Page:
Ryan is, of course, concerned about ECEAP preschoolers’ academic preparedness, but he said he is especially worried about the ways the pandemic stunted their socio-emotional growth. ECEAP teachers report that about a quarter of students in their post-pandemic classrooms regularly exhibit negative behaviors not seen before the pandemic. Teachers throughout the Puget Sound region reported more instances of children throwing chairs, biting teachers, running away, destroying equipment, and tearing at walls.
A call for more funding
WSA is calling on state lawmakers to increase ECEAP funding to provide teachers and staff the resources they need to provide behavioral and mental health interventions and to hire, train and retain professionals for high-needs classrooms.
The association is also pushing for increased salaries for ECEAP staff – on average, kindergarten teachers earn nearly $20,000 more than ECEAP teachers, despite similarities in education level and pedagogical responsibility.
If the funding increase is approved by the Washington State Legislature during the current session, ECEAP would also put more money toward specialized curriculum and professional development and move more kids from half-day to full-day classrooms. Currently, half of ECEAP preschoolers are on the half-day schedule. Consistency and stability are important for youth, Ryan said, and providing individualized care for the most high-needs young people is a goal of WSA. The 2023 legislative session ends on April 23.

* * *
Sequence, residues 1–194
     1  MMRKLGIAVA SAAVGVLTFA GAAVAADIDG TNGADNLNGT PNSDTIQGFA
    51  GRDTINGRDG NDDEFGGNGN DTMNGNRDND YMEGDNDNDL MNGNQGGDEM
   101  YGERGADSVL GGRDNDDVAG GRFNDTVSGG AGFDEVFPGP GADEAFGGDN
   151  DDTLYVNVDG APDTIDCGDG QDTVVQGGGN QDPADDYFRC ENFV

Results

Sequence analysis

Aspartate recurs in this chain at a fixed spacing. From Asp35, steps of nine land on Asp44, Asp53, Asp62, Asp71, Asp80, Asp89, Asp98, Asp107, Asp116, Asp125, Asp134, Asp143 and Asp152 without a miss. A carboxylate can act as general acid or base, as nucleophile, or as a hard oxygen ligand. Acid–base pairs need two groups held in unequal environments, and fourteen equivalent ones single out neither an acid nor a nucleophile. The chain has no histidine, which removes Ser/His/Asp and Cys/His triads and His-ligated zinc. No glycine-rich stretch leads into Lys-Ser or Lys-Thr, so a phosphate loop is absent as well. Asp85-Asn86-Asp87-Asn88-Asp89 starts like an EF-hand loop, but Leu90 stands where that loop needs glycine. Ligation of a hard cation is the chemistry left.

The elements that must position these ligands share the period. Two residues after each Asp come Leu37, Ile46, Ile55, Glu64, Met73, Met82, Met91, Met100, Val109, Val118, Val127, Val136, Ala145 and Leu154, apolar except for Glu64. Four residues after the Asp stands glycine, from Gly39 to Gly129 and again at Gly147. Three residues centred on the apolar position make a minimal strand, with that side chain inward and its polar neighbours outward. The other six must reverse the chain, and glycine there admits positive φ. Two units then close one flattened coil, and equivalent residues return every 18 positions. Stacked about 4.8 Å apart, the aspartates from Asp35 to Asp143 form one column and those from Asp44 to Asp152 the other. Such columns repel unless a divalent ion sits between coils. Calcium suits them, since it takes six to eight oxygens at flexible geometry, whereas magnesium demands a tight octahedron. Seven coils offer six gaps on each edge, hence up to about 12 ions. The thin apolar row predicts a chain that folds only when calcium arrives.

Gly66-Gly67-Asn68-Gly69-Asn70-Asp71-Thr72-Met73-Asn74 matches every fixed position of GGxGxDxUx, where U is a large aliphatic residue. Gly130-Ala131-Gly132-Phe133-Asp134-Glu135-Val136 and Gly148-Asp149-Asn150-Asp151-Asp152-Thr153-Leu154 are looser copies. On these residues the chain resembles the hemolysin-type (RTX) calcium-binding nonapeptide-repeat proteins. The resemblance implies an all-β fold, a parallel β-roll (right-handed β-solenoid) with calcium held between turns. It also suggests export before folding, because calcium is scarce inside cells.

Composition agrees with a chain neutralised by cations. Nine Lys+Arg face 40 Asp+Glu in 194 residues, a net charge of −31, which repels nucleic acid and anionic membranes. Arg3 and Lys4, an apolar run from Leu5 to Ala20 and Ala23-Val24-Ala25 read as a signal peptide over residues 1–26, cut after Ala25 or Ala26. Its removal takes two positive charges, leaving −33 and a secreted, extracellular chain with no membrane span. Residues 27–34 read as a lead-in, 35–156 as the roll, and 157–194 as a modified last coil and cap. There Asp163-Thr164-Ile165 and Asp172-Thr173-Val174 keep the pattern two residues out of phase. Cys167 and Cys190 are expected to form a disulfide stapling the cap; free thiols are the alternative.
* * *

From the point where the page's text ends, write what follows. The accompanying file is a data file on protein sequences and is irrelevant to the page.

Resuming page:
Parent advocate Espinosa Ives is particularly interested in seeing new funding to create culturally relavent and equitable early learning environments.
“More funding is critical to bring back land-based learning for our youngest indigenous children,'” Espinosa Ives said. “The outdoors reconnects our children with our ancestors teachings, language, songs, dances and more. We need more funding to make that happen and to keep our programs open.”